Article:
Thursday, November 13, 2008
Most black college students attend "majority campuses"—schools with whites as a majority of the student body (and faculty and staff). The dropout or transfer rates for black students at some of these campuses can be as high as 60 percent. Charles Robinson, professor of history and director of the African American Studies program at the University of Arkansas, contributes some tips for success for African-American students attending historically white institutions:
1. Identify resources. Find out about your college's resources for academic performance, such as enhanced learning centers and writing centers. See, too, what possibilities are offered for social networking in the African-American programming units, the multicultural center, and Greek life.
2. Immerse yourself in the campus culture. Attend football and basketball games, talent shows, debate clubs, and language groups.
3. Attend class regularly. African-Americans often have to deal with cultural stereotypes. Especially prevalent is the notion that blacks are not serious students. Help to debunk myths about lack of purpose among students of color by attending all the classes. Going to visit a professor during office hours will also demonstrate your focus on academic matters.
4. Find a black faculty mentor. Finding a black faculty mentor can help you deal with problems you might encounter on campus, such as what to do when class discussion (or even a professor) demonstrates insensitivity. A black faculty mentor can also help you understand the purpose and the workings of the university in a broader way and advise you on diversity options such as the African-American studies program, Greek life, and various multicultural student-centered groups.
5. Find a sympathetic black upperclassperson . A more advanced student can talk to you—on a student level—and help you determine what courses are more culturally sensitive, which professors seem more appreciative of diversity, and which sections of required courses (for example, American history) might be more focused on the African-American experience.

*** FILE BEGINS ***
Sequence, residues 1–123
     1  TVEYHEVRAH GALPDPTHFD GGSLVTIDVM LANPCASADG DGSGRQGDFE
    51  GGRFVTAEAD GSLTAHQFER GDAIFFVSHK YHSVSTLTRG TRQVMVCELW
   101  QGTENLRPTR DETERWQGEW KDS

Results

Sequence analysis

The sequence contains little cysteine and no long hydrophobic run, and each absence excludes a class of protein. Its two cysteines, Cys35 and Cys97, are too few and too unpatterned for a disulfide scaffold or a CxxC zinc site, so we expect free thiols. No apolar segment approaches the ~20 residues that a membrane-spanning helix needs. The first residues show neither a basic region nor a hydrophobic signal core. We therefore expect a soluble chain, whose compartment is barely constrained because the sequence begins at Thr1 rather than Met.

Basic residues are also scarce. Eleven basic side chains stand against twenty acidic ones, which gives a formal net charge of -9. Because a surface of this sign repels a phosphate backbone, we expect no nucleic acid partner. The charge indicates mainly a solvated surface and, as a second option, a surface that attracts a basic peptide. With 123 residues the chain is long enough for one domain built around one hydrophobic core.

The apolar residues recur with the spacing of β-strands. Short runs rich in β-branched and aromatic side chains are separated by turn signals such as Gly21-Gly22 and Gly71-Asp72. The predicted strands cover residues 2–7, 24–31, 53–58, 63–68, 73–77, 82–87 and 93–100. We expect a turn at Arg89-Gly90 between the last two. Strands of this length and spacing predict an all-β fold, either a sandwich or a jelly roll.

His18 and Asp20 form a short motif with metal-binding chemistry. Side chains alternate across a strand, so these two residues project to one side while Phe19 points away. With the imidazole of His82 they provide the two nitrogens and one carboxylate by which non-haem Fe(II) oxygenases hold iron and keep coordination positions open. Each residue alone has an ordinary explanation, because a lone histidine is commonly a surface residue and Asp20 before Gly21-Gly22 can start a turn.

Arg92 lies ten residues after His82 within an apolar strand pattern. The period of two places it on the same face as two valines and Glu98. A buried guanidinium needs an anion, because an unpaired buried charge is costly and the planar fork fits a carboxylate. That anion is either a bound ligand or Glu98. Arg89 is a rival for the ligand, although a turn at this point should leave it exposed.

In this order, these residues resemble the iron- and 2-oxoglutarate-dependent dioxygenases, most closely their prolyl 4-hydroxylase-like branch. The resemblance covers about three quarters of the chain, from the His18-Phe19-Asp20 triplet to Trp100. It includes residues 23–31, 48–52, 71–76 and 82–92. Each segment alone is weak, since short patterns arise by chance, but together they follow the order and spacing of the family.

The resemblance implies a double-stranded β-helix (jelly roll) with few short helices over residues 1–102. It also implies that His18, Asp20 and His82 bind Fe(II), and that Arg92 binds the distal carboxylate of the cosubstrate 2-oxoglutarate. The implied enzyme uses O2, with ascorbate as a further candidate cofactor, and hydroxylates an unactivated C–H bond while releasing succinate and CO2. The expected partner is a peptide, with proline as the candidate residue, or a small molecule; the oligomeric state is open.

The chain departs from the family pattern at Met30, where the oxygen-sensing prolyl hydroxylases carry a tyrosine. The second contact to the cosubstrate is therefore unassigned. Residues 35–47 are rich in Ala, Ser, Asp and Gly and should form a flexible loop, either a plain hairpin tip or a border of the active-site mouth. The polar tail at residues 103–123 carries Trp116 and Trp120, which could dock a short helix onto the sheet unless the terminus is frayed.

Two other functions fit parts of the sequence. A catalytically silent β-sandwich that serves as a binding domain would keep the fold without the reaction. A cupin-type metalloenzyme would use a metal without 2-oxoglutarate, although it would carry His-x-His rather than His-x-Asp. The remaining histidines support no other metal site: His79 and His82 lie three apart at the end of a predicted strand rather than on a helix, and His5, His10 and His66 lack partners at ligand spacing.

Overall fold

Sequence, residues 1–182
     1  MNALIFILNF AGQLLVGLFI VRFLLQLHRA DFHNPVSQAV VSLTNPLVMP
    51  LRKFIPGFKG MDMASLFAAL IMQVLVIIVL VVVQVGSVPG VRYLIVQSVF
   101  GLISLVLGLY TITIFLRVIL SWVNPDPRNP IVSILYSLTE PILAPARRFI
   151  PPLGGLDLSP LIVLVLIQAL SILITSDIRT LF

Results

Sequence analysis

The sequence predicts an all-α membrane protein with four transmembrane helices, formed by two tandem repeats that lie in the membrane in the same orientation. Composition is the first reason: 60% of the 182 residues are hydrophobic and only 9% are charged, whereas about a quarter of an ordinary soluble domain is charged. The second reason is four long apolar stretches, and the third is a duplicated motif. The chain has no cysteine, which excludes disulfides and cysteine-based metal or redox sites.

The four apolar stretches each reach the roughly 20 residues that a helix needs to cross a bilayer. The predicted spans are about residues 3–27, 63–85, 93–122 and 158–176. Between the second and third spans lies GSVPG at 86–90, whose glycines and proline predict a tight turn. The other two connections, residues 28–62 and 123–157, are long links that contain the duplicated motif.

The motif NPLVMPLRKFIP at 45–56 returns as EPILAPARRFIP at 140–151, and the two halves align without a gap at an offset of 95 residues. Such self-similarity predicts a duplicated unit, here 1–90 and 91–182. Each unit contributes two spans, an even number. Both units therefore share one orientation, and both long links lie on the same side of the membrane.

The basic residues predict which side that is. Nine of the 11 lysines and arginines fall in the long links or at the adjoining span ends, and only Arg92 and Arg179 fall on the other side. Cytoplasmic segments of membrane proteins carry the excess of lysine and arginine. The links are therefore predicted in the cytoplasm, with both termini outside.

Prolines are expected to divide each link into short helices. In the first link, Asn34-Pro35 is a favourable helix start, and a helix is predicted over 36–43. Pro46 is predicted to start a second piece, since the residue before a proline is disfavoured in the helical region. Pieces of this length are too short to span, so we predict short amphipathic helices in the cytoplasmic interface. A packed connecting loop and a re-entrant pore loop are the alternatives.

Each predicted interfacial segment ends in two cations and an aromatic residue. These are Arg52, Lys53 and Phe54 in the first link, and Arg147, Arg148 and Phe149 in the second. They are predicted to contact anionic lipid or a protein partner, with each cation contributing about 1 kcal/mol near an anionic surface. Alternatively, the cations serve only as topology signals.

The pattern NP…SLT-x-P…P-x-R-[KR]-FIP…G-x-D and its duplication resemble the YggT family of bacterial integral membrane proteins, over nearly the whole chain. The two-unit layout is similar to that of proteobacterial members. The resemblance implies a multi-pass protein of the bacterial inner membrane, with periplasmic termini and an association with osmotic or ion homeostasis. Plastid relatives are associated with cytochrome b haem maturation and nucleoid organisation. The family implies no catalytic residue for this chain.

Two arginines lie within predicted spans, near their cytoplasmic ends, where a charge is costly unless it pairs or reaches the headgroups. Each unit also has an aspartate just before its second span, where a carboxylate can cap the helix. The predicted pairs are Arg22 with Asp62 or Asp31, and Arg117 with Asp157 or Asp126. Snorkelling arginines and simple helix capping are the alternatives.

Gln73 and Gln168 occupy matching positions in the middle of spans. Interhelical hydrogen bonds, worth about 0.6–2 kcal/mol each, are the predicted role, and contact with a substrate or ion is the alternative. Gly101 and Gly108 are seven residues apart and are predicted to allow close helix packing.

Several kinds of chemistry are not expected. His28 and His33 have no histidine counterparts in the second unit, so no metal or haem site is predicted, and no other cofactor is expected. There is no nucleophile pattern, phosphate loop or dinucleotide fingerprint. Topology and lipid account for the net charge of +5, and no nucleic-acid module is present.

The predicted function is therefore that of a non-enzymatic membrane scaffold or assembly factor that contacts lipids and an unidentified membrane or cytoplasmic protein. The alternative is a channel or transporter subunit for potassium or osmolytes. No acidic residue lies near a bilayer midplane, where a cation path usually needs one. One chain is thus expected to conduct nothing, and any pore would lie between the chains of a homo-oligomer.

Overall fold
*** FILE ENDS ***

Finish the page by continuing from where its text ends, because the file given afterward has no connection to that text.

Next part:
6. Find a "cohort." Your peers can become your brother's and sister's keeper. You can develop a sense of camaraderie with peers by taking courses together, doing homework together, forming a discussion group, and even getting together for out-of-class activities. This will not only help you develop better study habits but will provide a sense of security that will stand you in good stead, especially in your required courses.
7. ...but also go outside of the "community." Become more culturally literate and comfortable among various groups of people. For example, if you grew up in a neighborhood that was homogenous, build relationships outside your group—especially at "majority" campuses. And broaden your social networks, too. You'll feel more at ease, and you'll be able to take ownership of your campus—you'll feel it's yours and you belong.
8. Establish and maintain a spiritual network. Worship in ways familiar to you—just as you did back home.
9. Become involved with the African-American studies or Africana program. In these programs, you will not only learn the history of African-American and African diaspora culture, you also will come to understand why the university you attend is the way that it is—why, for example, there's such a disparity in the racial distribution of the students. Understanding this will help you put your college life into some perspective.